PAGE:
According to Leeds, the process of designing the university’s first MOOC began with asking faculty why they wanted to create a MOOC, requiring a rigorous curriculum, and requiring an assessment system with authentication.
“For faculty it was almost like an RFP for MOOCs,” she said.
Leeds and her team chose K-12 Online and Blended Learning because it benefited these areas:
- Industry: K-12 is experiencing huge growth in online and blended learning
- Employer: Thanks to the economic downturn, employers are often looking for teachers who embody these skill sets
- Learner and faculty: Students are interested in the topic and faculty currently provides a great course
- Authority: The course was approved by PSC and PLUs.
- University and college: The course could be used as an elective in four different M.Ed grad programs
“In order to have the attendee receive optional credits, we needed to have the same learning objectives and curriculum and assessment standards as our online learning courses, and here’s the thing: The term MOOC sounds cool and new, but aren’t we already doing this with online learning?” asked Leeds.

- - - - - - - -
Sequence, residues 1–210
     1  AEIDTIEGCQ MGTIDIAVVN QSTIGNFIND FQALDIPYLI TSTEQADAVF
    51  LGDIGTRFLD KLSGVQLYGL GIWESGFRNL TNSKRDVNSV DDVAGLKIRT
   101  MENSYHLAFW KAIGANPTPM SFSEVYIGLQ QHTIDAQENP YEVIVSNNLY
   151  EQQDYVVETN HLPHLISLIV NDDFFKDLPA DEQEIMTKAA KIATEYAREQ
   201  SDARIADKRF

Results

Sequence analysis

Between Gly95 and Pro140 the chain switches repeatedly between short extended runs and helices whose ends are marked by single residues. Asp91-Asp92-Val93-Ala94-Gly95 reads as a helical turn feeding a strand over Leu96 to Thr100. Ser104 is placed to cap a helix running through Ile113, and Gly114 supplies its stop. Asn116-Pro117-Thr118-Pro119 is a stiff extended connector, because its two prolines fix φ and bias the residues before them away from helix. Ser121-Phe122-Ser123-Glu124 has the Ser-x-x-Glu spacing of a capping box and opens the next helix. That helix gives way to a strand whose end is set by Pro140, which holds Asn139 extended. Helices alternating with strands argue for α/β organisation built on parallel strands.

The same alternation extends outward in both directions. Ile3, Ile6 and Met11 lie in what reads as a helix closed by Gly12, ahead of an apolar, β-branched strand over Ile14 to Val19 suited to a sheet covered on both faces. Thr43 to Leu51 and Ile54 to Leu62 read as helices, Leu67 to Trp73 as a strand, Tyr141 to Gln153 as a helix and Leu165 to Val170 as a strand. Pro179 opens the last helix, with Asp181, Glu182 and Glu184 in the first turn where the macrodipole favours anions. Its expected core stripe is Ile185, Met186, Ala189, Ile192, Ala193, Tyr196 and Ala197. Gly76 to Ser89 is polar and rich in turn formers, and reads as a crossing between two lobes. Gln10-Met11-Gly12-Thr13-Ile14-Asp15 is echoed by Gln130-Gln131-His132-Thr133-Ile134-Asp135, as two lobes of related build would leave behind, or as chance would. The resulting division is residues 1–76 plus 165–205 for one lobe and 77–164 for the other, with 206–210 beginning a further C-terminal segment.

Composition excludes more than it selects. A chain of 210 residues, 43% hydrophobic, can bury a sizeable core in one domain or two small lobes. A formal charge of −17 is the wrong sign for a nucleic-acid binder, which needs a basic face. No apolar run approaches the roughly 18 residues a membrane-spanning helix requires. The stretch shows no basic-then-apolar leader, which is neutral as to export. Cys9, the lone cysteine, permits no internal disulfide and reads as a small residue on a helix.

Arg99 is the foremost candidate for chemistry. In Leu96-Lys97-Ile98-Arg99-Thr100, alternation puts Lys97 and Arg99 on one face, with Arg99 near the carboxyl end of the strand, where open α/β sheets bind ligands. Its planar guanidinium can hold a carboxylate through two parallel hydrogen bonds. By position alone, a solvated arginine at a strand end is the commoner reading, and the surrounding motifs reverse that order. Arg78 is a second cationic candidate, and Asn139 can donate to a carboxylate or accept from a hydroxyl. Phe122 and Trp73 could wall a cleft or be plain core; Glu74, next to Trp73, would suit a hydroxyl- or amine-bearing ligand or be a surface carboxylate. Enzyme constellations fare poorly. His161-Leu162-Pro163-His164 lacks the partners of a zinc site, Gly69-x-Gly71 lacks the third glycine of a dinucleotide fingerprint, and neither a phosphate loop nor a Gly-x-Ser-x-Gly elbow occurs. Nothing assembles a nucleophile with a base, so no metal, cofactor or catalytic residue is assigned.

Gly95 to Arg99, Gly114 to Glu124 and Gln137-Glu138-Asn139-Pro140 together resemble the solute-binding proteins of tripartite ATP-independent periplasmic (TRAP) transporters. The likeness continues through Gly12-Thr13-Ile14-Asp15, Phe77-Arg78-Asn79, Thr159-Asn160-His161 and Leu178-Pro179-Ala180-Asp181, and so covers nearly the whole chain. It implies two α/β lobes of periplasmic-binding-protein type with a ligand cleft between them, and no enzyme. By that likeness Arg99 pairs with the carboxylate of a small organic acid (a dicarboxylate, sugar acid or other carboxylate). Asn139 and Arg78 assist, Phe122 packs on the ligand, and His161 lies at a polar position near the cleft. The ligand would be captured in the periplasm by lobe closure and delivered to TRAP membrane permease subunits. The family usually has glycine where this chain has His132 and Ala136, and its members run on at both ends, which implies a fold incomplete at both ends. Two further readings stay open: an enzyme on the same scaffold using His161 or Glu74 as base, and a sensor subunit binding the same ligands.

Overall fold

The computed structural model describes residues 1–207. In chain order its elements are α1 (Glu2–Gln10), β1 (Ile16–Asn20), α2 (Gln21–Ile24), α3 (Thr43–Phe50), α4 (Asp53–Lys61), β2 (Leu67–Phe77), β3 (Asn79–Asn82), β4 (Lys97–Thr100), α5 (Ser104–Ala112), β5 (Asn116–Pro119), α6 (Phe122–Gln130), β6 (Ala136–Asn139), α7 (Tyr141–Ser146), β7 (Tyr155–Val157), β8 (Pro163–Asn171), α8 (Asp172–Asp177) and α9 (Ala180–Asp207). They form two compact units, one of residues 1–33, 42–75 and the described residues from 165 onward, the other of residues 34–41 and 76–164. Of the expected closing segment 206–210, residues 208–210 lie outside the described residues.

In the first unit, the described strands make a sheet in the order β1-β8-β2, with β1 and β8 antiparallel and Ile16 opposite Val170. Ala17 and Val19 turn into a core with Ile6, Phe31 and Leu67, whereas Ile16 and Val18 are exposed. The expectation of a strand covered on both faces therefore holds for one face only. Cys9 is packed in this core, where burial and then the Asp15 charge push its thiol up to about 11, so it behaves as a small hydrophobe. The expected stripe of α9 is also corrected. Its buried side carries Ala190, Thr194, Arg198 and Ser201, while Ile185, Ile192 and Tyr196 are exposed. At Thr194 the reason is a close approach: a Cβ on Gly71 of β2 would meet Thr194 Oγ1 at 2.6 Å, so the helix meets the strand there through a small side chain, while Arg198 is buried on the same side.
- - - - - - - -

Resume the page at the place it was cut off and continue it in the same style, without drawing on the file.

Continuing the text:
To take the vision to reality, Leeds asked Lectra Lawhorne, executive director of IT Services, to build a Virtual Assessment Center (VAC) for students and faculty, which includes a weekly reporting component to department heads and the registrar.
Here’s what the VAC process looks like for students:
Leeds also emphasized that knowing how the MOOC could potentially generate revenue is critical, as well as planning ahead.
“We figured we’d need about 1,500 students to enroll in the course with about 4 students enrolling in the university at the end, since the total cost of this MOOC was roughly $20K. What we had was around 9,000 students enroll, with 12 portfolios evaluated for credit at $250/review and 7 students enrolling in the university, so we definitely saw a return,” explained Leeds.
(Next page: Are you ready for an online program?)